When the Covid-19 vaccine roll-out was in it’s initial stages back in January 2021, the term ‘vaccine hesitancy’ was being thrown about with concern. After all, stark figures from ethnic minority communities revealed a reluctance to get the Covid-19 jab. Of course, this was for various reasons, from genuine concerns towards the vaccine to being swayed by anti-vaxx material on social media. On the whole though, vaccine take-up in the UK has been very encouraging so with more than 90% of people saying they are keen to get jabbed- unlike in some parts of Europe.

However, the recent news over blood-clots and the Oxford-AstraZeneca vaccine may have stirred concerns in people who had them previously quelled. The issue affects under-30s in particular, with the age group now being offered alternative vaccines for their protection- namely the Pfizer and Moderna vaccines. As a young journalist who has been following the vaccine roll-out in the UK while keenly reporting on issues surrounding it, yesterday's developments interested me as well as slightly worrying me too. In particular, what happens now in terms of getting the right information into the public eye in a responsible way.

It's important to look at the potential impact the recent turn of events could have on vaccine uptake in younger age groups. After all, vaccine hesitancy has been highlighted as an issue here before- with an ONS report indicating that around 1 in 6 (17%) adults aged 16 to 29 years reported vaccine hesitancy; this was the highest of all age groups. Therefore it’s clear that this isn’t a new issue, but something which has been bubbling for a while. We don’t know how these figures will demonstrate in real life as the vaccine hasn’t been fully rolled out to these age groups yet. We also don’t know how yesterday’s news will affect these figures yet as it’s too early to make any conclusions. However, what we do know is that this statistic is out there and yesterday’s news has the potential to affect vaccine uptake within these age-groups, especially those who are on the fence about it.

You may be wondering, why are young people showing signs of hesitancy in the first place? There are many, but the one very obvious reason I want to mention is the impact of social media, which still bubbles with anti-vaxx propaganda to this day. Young people are more reliant on social media as opposed to their older counterparts, especially for keeping up with the news. One source I spoke to for a feature I worked on about this very issue told me that they rely on the likes of Snapchat and Instagram for their Covid-19 related news. Another problem that ties into this is the mistrust of the government. A study in June 2020 has shown that 18-25 year olds are “less likely to have confidence in political institutions and leaders and harbour more negative attitudes towards elections.” Therefore, when they see the government saying one thing about vaccines and someone with a large following on Instagram saying another, they feel conflicted. I’m not saying this off the top of my head- this is what young people, particularly college students, have told me.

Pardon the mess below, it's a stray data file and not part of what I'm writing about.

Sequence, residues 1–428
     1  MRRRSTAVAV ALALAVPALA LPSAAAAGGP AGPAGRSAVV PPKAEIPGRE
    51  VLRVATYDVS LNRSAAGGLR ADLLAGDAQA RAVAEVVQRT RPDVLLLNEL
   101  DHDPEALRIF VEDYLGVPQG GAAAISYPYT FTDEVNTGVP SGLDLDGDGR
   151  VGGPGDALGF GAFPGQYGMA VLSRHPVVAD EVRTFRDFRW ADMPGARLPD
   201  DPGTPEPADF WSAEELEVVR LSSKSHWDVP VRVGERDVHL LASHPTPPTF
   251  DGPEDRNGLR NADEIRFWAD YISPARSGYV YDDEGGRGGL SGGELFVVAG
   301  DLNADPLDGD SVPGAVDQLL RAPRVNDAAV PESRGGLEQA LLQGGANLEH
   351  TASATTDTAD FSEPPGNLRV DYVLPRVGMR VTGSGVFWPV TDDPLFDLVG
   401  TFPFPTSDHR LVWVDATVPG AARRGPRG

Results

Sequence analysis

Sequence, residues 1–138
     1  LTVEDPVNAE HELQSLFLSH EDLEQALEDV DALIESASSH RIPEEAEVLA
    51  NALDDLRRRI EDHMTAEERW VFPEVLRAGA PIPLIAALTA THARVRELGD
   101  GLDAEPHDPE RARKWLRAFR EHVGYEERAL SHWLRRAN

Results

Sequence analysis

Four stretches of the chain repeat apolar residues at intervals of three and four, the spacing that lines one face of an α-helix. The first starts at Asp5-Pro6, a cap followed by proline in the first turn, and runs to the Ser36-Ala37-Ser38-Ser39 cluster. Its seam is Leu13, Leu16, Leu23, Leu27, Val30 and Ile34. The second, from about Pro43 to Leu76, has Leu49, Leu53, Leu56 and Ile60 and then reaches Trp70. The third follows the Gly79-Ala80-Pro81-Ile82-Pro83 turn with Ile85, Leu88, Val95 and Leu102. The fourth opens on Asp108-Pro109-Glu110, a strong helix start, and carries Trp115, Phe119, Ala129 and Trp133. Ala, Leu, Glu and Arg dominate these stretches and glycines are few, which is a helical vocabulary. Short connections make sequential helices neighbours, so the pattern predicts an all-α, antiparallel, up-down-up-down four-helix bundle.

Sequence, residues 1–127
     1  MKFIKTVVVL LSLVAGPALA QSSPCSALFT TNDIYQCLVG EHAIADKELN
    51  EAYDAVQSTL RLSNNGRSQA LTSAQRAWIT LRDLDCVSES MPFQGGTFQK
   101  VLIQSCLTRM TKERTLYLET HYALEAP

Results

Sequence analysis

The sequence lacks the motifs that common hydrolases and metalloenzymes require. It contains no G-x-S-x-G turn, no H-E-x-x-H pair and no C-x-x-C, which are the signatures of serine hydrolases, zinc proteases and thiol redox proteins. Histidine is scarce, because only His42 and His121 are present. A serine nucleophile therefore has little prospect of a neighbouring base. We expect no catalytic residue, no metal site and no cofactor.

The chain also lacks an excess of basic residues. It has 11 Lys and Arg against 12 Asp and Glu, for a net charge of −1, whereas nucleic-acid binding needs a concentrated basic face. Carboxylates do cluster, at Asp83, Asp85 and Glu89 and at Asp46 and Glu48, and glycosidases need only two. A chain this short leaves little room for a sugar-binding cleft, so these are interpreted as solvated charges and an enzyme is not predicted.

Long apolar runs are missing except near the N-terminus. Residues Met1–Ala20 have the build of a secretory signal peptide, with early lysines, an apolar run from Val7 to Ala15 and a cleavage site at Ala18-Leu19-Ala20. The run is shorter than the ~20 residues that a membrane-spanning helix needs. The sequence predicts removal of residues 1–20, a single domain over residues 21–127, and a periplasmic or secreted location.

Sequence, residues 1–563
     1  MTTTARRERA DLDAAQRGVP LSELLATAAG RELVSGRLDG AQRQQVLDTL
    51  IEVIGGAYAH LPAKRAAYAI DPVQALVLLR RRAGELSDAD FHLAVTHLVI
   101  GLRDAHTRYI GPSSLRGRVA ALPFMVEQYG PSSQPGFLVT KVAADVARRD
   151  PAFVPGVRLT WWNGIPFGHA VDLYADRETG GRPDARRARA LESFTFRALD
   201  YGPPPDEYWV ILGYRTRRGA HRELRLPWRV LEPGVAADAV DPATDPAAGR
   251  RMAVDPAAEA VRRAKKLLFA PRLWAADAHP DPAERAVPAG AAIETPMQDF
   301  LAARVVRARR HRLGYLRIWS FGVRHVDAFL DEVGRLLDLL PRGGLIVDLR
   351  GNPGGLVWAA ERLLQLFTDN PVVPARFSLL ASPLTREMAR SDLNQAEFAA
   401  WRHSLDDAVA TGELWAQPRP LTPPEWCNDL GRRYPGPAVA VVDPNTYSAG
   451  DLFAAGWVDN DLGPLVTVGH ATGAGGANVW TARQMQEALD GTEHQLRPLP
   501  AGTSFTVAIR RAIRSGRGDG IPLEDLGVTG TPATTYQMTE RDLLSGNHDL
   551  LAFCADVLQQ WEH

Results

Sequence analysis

The government shouldn’t ignore this. Nor should they be complaining about being ‘blindsided’ by the issue a few months down the line. They need to be three steps ahead. Taking action now can save lives later- a lesson we’ve been brutally reminded of throughout the pandemic. So what should the government be doing? It’s not enough to just ‘debunk myths’ or attack misinformation. Clearly explaining what’s going on, targeted encouragement, encouragement by example are all key.

Don’t just say, “we all need the vaccine.” Make it personal. Speak right to them, not at them.

Responsible reporting is also key- breaking down the facts and figures so we know exactly what’s going on. We don’t need to sensationalise headlines and scare people off when the numbers currently suggest otherwise- this plays a role in whether people take up the vaccine or not. The words BLOOD CLOT and VACCINE in scary colours are more likely to put someone off going to their appointment. Contextualise it in a way that people in my generation can relate to. You’re more likely to get a blood clot from the contraceptive pill or contract Covid-19 than getting a blood clot from the vaccine. Of course, the risk is still there, but it's about weighing up how big or small the risks are compared to the biggest risk to our health out there- Covid-19.

There’s no doubt that the government needs to emphasise the importance of vaccines a lot more over the coming weeks. The sooner they take targeted action, the better- as we’ve learnt from the past few months. Public health messaging, news reporting and analysis are all going to be tested by this issue- how they react plays a role in determining the reaction.

Zesha Saleem is a freelance journalist and Editor for YouthPolitics UK